We may also face judgement from family and friends, who don’t understand why we would bother making such a big change in our lives ‘at our age’. Any confidence we have had in ourselves, and our abilities, is quickly leaving the building.

But it is not all doom and gloom, there are some steps we can take to be sure we are making the right decision to change our career.

You will, by now have had some years of life-experience and possibly some training in the area you want to work. If not, enrol and upskill!

Get clear about why we want to make this move. Is it a life-long ambition we have held to be whatever our career choice is, or are we in a rut in our current job, or are we wanting to do the same work, in a company that offers us more options?

Is there an option to scale-back our current employment to part-time, so we can study, or tiptoe into our new career, rather than taking a giant leap and risk falling flat on our faces? (A side bar – any fall forward is still a move in the right direction).

Do you want to work for someone else, or start your own business?

According to the ABS, women make up 35% of all full-time business owners. The beauty of having your own business is the freedom of time and earning potential. Unfortunately, the danger of having your own business is the freedom of time and earning potential.

You have to be very committed and organised to run your own successful business and be prepared to possibly go without earning a proper wage for a while.

Although there is plenty of free help out there to get you started, you will need a good financial advisor, a good business advisor, a good plan and a great product.

If you are thinking about building your business or career around a long-held passion, you can often become stuck in the ‘overthinking paralysis’ stage (pronounced FEAR). Thinking, research, and planning is all very necessary, but don’t forget to take action, or you will never move forward.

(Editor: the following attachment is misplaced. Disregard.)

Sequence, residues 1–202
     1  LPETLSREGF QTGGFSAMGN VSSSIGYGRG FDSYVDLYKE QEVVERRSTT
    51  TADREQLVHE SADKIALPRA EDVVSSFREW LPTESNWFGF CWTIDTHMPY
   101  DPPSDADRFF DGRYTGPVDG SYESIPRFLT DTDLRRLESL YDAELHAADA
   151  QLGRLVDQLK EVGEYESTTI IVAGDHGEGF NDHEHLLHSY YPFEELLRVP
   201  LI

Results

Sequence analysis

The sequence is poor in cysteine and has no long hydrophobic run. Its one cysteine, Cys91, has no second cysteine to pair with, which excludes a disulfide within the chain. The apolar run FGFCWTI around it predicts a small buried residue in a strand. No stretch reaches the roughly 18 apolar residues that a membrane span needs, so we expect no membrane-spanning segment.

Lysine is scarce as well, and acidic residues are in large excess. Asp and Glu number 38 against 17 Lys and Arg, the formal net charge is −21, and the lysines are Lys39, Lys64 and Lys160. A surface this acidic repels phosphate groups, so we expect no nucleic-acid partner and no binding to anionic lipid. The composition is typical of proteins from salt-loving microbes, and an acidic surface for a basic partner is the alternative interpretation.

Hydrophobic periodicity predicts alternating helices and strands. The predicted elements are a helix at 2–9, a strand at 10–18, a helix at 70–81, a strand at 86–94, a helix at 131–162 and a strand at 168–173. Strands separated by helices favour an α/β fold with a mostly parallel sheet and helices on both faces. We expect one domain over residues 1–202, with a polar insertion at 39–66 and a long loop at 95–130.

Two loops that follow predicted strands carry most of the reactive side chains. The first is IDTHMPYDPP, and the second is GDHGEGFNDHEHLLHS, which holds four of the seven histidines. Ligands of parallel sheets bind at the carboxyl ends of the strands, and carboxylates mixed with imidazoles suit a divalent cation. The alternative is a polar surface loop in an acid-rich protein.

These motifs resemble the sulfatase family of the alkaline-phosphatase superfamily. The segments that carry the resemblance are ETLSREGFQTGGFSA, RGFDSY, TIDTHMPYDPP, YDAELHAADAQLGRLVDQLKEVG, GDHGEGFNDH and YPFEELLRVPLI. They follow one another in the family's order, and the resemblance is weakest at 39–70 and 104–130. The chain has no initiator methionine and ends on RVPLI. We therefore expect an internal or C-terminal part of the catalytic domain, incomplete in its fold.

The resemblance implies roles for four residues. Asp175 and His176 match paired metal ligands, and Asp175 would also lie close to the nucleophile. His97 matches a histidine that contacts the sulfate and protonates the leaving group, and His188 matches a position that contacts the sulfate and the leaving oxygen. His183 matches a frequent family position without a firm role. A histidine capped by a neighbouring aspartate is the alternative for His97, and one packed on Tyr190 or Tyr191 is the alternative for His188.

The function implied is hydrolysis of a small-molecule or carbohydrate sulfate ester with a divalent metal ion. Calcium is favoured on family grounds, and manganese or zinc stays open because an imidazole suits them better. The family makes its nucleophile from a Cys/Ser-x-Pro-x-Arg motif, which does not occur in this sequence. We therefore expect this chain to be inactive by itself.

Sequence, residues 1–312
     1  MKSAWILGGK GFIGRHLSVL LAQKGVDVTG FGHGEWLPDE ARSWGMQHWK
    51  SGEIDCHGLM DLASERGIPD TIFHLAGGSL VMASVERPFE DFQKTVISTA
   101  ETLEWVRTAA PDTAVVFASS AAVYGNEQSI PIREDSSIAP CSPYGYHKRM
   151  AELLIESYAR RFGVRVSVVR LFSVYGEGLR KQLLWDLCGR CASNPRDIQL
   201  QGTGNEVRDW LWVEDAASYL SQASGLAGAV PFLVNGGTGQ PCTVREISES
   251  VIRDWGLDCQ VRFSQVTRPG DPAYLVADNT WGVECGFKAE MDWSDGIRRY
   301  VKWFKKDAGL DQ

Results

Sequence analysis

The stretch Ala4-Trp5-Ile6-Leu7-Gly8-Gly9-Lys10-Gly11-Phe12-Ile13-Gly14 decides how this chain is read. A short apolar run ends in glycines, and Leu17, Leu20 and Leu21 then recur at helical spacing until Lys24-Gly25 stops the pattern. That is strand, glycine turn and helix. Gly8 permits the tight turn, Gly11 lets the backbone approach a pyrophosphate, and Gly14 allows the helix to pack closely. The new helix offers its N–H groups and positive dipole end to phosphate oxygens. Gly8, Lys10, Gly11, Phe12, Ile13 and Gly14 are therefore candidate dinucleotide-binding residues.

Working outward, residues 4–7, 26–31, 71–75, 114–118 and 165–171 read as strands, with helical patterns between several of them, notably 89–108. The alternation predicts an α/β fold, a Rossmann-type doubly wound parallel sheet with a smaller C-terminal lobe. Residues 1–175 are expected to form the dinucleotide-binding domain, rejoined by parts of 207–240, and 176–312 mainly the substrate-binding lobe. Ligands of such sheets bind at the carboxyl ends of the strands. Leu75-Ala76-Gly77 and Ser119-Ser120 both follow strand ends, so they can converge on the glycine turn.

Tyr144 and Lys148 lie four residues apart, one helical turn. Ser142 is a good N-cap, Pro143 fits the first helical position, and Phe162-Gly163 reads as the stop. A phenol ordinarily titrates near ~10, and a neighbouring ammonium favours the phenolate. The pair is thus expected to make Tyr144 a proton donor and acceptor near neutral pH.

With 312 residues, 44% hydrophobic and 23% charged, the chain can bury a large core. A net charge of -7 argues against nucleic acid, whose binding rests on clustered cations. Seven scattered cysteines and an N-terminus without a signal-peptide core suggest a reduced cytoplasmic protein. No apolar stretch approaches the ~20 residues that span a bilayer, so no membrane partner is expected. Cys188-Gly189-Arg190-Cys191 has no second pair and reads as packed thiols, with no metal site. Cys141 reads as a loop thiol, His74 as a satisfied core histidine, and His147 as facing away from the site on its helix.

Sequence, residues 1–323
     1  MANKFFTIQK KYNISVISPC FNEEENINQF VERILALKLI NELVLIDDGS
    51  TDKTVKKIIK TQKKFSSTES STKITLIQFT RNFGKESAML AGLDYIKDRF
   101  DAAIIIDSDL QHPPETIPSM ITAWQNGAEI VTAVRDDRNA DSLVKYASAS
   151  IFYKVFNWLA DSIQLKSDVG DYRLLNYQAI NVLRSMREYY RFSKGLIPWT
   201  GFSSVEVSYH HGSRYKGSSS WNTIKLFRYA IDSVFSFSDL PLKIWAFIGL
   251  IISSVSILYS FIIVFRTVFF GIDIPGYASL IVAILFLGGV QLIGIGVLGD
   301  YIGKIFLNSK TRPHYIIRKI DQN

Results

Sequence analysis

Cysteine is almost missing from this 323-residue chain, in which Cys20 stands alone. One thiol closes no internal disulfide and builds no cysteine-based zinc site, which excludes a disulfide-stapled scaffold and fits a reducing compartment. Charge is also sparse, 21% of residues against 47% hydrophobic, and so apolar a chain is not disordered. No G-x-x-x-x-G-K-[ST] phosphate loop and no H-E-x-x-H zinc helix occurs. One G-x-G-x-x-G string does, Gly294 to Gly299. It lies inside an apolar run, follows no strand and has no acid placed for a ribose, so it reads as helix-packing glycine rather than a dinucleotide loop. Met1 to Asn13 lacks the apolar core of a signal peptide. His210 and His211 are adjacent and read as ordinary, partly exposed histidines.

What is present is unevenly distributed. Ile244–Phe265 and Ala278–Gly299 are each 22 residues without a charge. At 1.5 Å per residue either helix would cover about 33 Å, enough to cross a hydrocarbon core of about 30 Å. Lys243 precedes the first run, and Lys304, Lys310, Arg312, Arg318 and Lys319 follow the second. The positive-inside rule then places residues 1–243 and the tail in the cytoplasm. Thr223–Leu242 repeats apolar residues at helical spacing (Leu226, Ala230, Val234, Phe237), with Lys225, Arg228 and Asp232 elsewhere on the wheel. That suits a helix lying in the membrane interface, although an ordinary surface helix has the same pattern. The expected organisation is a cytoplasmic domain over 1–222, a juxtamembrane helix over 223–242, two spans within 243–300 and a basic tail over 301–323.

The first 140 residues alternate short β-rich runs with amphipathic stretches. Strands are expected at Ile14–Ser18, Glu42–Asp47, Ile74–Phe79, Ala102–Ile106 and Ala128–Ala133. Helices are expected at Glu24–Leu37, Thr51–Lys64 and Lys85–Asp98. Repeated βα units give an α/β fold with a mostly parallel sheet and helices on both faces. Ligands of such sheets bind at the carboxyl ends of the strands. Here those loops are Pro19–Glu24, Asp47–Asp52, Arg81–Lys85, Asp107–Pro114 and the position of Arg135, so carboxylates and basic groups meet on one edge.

Find a cheer squad – someone who will help you celebrate your wins and commiserate your setbacks. It will also help if they keep you accountable.

I have had some massive career changes throughout my life, (I started out as a Ballroom Dancer!), but later in my life, I have been lucky enough to have a great cheer squad in my husband Dale. At 52, I was working as an employment coach for the long-term unemployed in a low socio-economic rural community, and it was wearing me down. I was coming home every night exhausted, I had been physically threatened by a couple of clients and I hated working there, but because of our financial situation, I could see no way out.

Out of the blue, I received a phone call from the editor of a regional newspaper, offering me a job as a journalist at a small local paper. I said ‘yes!’ and resigned my current job straight away. But a couple of hours later, the doubt hit me. I would be the ONLY journalist at this paper. I would be responsible for the WHOLE newspaper. The interviews, the layouts, the sport reports, and the photos. What the hell had I done???

Dale just smiled and said, “You’ve got this.” And I did. I never looked back.

A career change can be overwhelming, but if you take that first step, it could lead to your dream career. My Life Coach always tells me to “say yes to opportunities and figure out how later.” And at Silver Sirens, we say “It’s never too late” - so what are you waiting for? You’ve got this.

Jody Webster